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Business and Economy

Unionized workers in several state agencies were set to lose their jobs in a week. But they'll keep them, at least for awhile longer. IPR's Amanda Vinicky reports.

Governor Bruce Rauner's office confirms: layoffs of unionized state employees are on hold. That's due to a lawsuit filed by a trio of unions.

"While it's within the authority of the governor to initiate a layoff, under the contract they can only do so for a legitimate reason." Anders Lindall is the spokesman for AFSCME, which represents some 107 workers affected by the news.

The head of the effort to rescue use of the Mitsubishi Plant says there have been some nibbles on a buyer. Kyle Ham heads both the Economic Development Council for Bloomington Normal and the Mitsubishi Task Force.

"I am personally aware of automakers that are looking at the facility and have begun to do the due diligence process."

Ham says the plant has not been on the market that long and possible buyers have a lot of work to do.

Durbin Backs Oil Pipeline

Sep 21, 2015
Enbridge LLC

A crude oil pipeline through central Illinois south to Patoka in Marion County, sees inevitable, despite concerns about the effect of a spill on creeks in McLean County. And the pipeline has a supporter in the US Senate, Democrat Dick Durbin. During a recent visit to Bloomington-Normal, the senior senator says the pipeline is the lesser of two evils. He says transporting the oil on trains has proven dangerous, and points out the state is already criss-crossed with existing oil and natural gas lines:

Illinois' unemployment rate dropped to 5.6 percent in August but state officials point out that the number of people with jobs also declined. The Illinois Department of Employment Security said in its monthly report on statewide unemployment Thursday that the jobless rate fell from 5.8 percent in July. Nationwide unemployment was 5.1 percent in August. The department said Illinois lost a net 900 jobs in August. The number of unemployed workers fell 3 percent to 362,500. Department director Jeff Mays said the figures indicate many people continue to leave the workforce.

Home Sales Slow Seasonally

Sep 16, 2015

More homes are changing hands compared to a year ago, according to the latest twin city numbers. So far this year, 1,911 homes sold. That's up more than a hundred from a year ago. The increase is nearly 6%.  Amanda Wycoff, president of the Bloomington-Normal Association of Realtors, says inventory on the market is shrinking.

The price of a new home is about $325,000. That's a price decline of about 7% from a year ago. The price of an existing home is up slightly.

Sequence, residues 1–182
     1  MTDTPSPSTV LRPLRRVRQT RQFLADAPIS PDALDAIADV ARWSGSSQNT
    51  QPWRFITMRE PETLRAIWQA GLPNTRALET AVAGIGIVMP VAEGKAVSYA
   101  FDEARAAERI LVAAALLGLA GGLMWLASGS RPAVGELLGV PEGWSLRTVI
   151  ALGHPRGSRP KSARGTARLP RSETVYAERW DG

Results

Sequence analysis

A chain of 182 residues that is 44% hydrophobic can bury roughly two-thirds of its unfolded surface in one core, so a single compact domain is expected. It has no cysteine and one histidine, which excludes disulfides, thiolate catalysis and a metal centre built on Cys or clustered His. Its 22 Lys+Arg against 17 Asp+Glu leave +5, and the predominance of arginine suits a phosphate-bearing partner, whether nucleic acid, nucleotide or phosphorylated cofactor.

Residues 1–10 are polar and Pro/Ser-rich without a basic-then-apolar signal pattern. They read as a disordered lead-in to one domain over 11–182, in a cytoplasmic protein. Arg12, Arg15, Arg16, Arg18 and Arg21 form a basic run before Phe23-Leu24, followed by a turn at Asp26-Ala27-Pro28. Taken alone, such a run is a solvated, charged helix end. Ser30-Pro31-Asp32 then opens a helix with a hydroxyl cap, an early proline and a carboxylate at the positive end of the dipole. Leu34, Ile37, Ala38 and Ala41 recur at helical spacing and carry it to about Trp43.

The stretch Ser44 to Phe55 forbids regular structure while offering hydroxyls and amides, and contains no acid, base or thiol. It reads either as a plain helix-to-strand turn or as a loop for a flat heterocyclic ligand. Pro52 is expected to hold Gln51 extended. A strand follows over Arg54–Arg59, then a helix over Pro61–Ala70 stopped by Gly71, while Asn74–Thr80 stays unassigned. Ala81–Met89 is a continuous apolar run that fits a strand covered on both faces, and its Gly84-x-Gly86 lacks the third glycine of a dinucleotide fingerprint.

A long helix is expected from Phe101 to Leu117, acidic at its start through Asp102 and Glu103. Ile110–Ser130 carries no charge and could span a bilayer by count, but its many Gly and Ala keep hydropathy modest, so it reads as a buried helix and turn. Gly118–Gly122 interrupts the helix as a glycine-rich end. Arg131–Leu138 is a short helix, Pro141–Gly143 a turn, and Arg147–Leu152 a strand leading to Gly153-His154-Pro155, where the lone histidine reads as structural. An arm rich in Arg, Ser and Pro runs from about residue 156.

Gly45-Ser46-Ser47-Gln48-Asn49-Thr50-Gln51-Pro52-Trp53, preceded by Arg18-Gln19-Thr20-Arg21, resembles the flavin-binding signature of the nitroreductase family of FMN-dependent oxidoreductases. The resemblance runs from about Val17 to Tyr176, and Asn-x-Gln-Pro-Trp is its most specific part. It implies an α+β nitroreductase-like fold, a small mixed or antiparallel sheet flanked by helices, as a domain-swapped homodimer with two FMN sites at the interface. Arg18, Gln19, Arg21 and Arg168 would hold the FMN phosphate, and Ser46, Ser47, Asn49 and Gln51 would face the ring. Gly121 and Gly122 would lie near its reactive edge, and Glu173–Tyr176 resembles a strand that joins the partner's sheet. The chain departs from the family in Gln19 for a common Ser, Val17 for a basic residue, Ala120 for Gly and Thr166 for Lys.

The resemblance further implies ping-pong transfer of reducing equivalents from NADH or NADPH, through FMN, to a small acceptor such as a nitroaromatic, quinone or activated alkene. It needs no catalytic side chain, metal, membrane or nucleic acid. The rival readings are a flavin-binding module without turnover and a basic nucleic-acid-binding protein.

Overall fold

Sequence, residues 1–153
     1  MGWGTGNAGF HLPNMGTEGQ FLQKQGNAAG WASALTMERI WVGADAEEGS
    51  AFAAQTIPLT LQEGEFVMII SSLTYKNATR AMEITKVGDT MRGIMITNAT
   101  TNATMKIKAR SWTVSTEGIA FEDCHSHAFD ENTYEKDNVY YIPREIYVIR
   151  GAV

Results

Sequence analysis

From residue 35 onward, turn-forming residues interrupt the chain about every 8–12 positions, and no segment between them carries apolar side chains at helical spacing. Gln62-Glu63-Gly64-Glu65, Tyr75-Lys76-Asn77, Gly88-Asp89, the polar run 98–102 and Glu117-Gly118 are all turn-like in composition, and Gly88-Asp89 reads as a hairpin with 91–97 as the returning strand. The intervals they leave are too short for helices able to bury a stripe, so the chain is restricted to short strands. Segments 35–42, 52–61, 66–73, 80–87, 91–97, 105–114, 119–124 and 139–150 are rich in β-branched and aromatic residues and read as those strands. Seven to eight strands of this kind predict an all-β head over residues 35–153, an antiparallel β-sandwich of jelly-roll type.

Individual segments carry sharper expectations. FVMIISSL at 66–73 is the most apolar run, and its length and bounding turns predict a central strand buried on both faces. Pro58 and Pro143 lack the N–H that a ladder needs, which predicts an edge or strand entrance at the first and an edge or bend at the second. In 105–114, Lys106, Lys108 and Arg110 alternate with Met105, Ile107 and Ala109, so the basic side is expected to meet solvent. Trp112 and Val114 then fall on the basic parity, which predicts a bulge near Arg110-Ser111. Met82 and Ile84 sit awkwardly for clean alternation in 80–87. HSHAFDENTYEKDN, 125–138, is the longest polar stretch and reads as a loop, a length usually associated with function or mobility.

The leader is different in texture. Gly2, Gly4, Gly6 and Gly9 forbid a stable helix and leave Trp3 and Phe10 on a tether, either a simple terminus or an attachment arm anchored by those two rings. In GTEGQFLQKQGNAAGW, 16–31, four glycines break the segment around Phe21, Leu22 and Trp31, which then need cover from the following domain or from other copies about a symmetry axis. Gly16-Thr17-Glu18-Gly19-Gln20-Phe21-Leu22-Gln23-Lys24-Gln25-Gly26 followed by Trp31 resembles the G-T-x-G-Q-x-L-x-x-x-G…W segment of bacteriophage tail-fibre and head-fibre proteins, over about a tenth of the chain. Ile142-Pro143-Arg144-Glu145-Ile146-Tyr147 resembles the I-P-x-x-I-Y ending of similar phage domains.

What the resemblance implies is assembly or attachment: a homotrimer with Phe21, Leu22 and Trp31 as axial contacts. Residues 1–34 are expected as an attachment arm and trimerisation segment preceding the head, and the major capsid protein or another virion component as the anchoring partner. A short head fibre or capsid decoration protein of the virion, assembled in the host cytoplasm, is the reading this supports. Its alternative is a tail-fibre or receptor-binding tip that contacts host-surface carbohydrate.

Pumpkin Crop "Disappointing"

Sep 15, 2015
Libby's

A large canned pumpkin manufacturer says yields in Illinois appear to be less than anticipated this year. Roz O'Hearn is corporate and brand affairs director for Libby's, which grows most of its pumpkins in central Illinois. O'Hearn says the yield could be off by as much as a third, and the company is disappointed. O'Hearn says weather could further reduce yields. The harvest is underway now through October or early November. However, O'Hearn says the company thinks it will have enough pumpkin to meet fall holiday demand. Libby's has run a processing plant in Morton since 1929.

Peoria Economy Grows, Slowly

Sep 8, 2015

Second quarter growth returned the Composite Index of local business and economic conditions to year earlier levels and cut the unemployment rate to 5.5%, on par with the rest of the nation. That's what the latest Peoria Area Economic Index shows. The index, from the Bradley University College of Business, tracks 30 economic indicators in it's quarterly assessments. Bernard Goitein is the chief author of the report. He says the unemployment rate is 1.3-percentage points lower than in the previous quarter.

Delays Keep Market Street Closed

Sep 3, 2015
cityblm

Twin city drivers anxious to begin using West Market Street again following railroad trestle work will have to wait a bit longer. The rail upgrade was originally supposed to begin in the fall of 2014, but was repeatedly delayed. Work by Union Pacific, owner of the tracks, finally began this spring and completion was estimated for Labor Day. Now it looks more like Halloween, maybe. Bloomington City Engineer Jim Karch says one reason for the delay is a change the city sought to increase visibility by employing a 'sloped wall,' replacing the old vertical retaining wall:

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